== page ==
I would like to elaborate. I compare the two in the context of bass and or treble tone shaping. Not semi surgical cuts. Mainly modest boosts. While I’ve not compared the two with frequency cuts, I certainly find a huge sonic advantage with the aforementioned pro studio gear in the context of boosts in bass or treble. 

And yes, I’m equalizing RECORDINGS. not gear. Excellent recordings obviously require less or no adjustment 

I have a vintage Kenwood that I use mainly when doing needle drops via my Sugar cube SC-2+.  Just a light touch of added low end seems to fill out some bass-shy records.  The rest of my system is dialed in well enough that I don't need it for listening.  Nor do I use the base and treble controls on my McIntosh preamp.

Sometimes I think that's exactly what I need for less than stellar recordings. Shrieky vocals especially are where I long to adjust.The ability to adjust subwoofer equalization has given me very positive results, so why not tweak the upper mids too.The possibility of degradation is why I hesitate and my negative prejudice to be honest. But this thread has inspired me to do some research and open my mind. It does no good to wish all of my favorite music should be remastered by Analogue Productions;-)

Equalizing each albums reflect an acoustic problem not related to your ears/room/system so much perhaps if your system is well done , than related to the bad recording and studio bad work and bad pressing often cumulated together in commercial music ..,.

I equalize to compensate some of my gear limitations , i could do it to optimize my room acoustic also , but never for the albums sake : for example to compensate for the AKG K340 design and my modifications limits i used equalization ..

After that hearing with the K340 the acoustic recording condition of each albums was a pleasure but i listen not to popular commercial music , it is true ... In the case of popular commercial music i can imagine why we must equalize each albums ...I offer you my deepest sympathies ...😊

Try jazz and classical ....

I apologize for the ironical tone ...

If we love some kind of music it could be indeed a problem and EQ will help... Purist can go sleeping...



I had a Soundcraftsman 15 band per channel EQ that added noise to my system.

I now have a Harman Kardon EQ8 that is dead quiet when in use, but....

I had a guy who's a professional musician, piano tuner etc. play with it for over an hour. I tested it on and off with his eyes  closed.  My system sounds best with the EQ8 off and the tone controls in the neutral position. 

The EQ8 is put in line to redo bootleg cassettes and such to record  them to CD's. 

This has been my experience, yours may vary.

Like most things, EQ's have plusses and minuses. 

Eq is a useful  tool but generally not a solution .... Eq. generally dont adress the trade off it create to "improve" something , decreasing or impeding something else ...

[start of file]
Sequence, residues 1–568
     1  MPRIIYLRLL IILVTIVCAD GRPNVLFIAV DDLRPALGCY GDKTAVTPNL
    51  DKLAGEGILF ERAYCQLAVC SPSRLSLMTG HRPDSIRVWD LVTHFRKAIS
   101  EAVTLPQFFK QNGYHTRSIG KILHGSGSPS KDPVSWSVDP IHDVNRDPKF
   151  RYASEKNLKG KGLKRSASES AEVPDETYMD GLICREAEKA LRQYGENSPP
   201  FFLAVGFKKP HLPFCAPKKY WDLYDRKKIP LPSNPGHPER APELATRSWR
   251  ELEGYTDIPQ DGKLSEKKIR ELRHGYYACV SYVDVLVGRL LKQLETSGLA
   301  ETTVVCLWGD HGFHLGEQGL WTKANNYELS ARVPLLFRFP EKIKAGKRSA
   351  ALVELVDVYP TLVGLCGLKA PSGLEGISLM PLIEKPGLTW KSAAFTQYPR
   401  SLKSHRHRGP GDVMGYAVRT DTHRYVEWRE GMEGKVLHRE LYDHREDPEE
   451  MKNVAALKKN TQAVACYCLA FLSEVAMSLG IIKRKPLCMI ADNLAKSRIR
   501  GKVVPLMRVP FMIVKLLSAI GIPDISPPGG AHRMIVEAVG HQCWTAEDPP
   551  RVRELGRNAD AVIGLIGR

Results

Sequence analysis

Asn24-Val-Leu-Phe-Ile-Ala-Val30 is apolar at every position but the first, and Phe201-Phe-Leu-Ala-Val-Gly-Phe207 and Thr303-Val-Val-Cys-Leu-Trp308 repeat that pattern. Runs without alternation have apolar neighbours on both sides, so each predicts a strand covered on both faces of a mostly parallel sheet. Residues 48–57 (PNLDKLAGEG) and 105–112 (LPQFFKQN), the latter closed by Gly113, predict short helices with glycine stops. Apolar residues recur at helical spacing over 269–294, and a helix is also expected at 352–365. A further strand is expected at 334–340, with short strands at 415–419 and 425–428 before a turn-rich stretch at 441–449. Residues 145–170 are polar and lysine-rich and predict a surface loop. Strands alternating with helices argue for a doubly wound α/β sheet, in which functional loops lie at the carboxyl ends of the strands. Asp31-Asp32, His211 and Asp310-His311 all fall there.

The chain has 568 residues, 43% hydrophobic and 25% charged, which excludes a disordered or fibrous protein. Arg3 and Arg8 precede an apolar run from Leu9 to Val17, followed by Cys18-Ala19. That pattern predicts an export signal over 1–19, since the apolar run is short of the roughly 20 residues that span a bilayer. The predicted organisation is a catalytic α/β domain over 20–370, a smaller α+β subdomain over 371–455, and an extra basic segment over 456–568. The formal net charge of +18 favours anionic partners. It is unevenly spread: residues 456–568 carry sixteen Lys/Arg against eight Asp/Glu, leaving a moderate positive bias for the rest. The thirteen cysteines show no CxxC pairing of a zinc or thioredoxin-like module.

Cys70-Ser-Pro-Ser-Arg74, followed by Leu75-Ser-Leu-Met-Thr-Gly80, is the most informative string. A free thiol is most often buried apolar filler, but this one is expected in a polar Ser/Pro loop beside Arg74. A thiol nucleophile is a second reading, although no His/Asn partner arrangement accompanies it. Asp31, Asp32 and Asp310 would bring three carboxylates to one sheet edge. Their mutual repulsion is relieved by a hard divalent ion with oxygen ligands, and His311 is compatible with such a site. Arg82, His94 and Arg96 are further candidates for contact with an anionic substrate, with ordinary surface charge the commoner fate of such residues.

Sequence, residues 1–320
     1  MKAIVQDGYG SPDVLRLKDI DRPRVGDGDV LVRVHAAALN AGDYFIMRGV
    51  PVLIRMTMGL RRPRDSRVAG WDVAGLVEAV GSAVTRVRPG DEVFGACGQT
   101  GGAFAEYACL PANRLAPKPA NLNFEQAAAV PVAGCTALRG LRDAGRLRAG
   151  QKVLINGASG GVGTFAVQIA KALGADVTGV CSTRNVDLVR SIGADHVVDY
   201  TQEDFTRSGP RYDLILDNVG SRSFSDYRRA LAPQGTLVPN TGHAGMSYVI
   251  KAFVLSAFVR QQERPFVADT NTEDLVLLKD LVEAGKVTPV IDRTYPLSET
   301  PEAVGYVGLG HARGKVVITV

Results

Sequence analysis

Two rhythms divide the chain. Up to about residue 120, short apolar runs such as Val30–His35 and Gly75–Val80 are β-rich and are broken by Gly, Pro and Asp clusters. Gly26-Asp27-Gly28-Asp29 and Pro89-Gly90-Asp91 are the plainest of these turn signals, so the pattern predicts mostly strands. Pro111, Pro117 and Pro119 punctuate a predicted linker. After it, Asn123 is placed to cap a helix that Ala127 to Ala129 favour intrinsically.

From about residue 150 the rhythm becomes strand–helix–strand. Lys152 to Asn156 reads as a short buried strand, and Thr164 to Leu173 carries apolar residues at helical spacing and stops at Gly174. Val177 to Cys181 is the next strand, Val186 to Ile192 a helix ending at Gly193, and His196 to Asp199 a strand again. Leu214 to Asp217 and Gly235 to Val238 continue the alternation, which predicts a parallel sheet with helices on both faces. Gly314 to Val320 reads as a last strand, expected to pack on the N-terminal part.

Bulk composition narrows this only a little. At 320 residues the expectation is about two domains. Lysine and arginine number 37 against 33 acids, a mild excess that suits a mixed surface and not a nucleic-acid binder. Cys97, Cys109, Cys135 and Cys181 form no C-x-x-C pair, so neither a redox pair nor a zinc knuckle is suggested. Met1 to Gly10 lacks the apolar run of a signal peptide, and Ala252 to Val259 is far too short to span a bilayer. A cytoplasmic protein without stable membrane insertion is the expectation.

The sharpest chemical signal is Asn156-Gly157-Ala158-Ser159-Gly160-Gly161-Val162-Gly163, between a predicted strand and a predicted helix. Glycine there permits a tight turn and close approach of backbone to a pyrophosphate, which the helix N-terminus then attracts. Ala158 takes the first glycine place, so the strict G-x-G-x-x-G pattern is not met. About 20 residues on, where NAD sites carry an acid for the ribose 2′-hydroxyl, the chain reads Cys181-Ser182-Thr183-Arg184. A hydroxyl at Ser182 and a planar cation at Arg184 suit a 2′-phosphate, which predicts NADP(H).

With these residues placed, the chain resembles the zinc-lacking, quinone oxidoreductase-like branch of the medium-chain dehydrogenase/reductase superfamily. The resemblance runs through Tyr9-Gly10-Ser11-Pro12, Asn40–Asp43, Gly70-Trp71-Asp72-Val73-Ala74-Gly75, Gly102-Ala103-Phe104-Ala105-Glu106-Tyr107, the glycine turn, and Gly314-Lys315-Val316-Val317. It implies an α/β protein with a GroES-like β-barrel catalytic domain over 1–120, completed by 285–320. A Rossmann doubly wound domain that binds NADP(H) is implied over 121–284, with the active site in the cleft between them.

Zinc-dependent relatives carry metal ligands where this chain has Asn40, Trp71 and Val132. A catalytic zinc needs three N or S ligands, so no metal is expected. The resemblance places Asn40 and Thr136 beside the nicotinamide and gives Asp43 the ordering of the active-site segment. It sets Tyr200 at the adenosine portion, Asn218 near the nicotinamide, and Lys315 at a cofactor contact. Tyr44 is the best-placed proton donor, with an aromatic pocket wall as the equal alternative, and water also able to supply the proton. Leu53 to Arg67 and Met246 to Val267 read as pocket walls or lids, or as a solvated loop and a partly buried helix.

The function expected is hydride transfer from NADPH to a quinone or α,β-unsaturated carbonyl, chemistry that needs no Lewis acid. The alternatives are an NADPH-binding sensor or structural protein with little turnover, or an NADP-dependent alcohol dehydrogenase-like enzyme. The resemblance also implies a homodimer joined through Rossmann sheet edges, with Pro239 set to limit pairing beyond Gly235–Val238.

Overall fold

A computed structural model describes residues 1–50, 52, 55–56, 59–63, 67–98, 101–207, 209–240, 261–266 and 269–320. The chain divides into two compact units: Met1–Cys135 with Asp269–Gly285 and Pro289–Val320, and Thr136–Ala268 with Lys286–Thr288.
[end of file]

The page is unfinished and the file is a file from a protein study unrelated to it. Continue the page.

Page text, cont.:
And our ears/brain dont work as a linear Fourier tool anyway... And physical acoustic controls cannot be replaced by DSP and in some room/system well embedded there is no need for DSP E.Q.but sometimes as with the BACCH filters some DSP is irreplaceable by anything else ... Life is complex sorry ...


Regardless the opinions of some outliers (Cello Palette. Really? Large and unobtainable, and try to get one repaired.) the Schiit stuff is generally accepted as superbly designed and great sounding. At least around my house anyway. There is absolutely no burden on the signal with the Loki EQs in the chain (unless there's something going on with the cables maybe), and like others here I only put it in if it's needed...the Max allows you to A/B the signal instantly from your beat up old beer stained couch without the need to hop over the dog to adjust it. 

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I’m a fan of the Loki Max, use it with my SU-R1000 (on bottom black). I run it XLR and don’t here any negative in my chain. Also has a remote and saved presents so you can adjust from your listening chair.

Want to point out that the universal audiophile sneer at tone controls and EQs was based in experience, but isn't always true anymore.

Several things were happening when EQs became common in the audio world:

  • Tone controls weren't great
  • EQs were noisy.  With lots of parts, it was common to get cheap ones.
  • Users often overused EQs

Not all gear has excellent tone controls.  My Luxman does.  I use Roon's DSP sparingly but to good effect. I have a DSP powered center channel and use DSP there to compensate for resonance issues with the location, not to mention the entire speaker is configured via DSP.

I know how well regarded Schiit products are. However a high quality studio grade parametric balanced piece has cleaner more natural sounding boosts. After all, these are the equalizers that are used in the studio to master your favorite recordings. Using one at home is the ultimate in hi fi tone control. 

Avalon AD2055, Millennia nseq4, and my own Charter Oak all sound unbelievable in home playback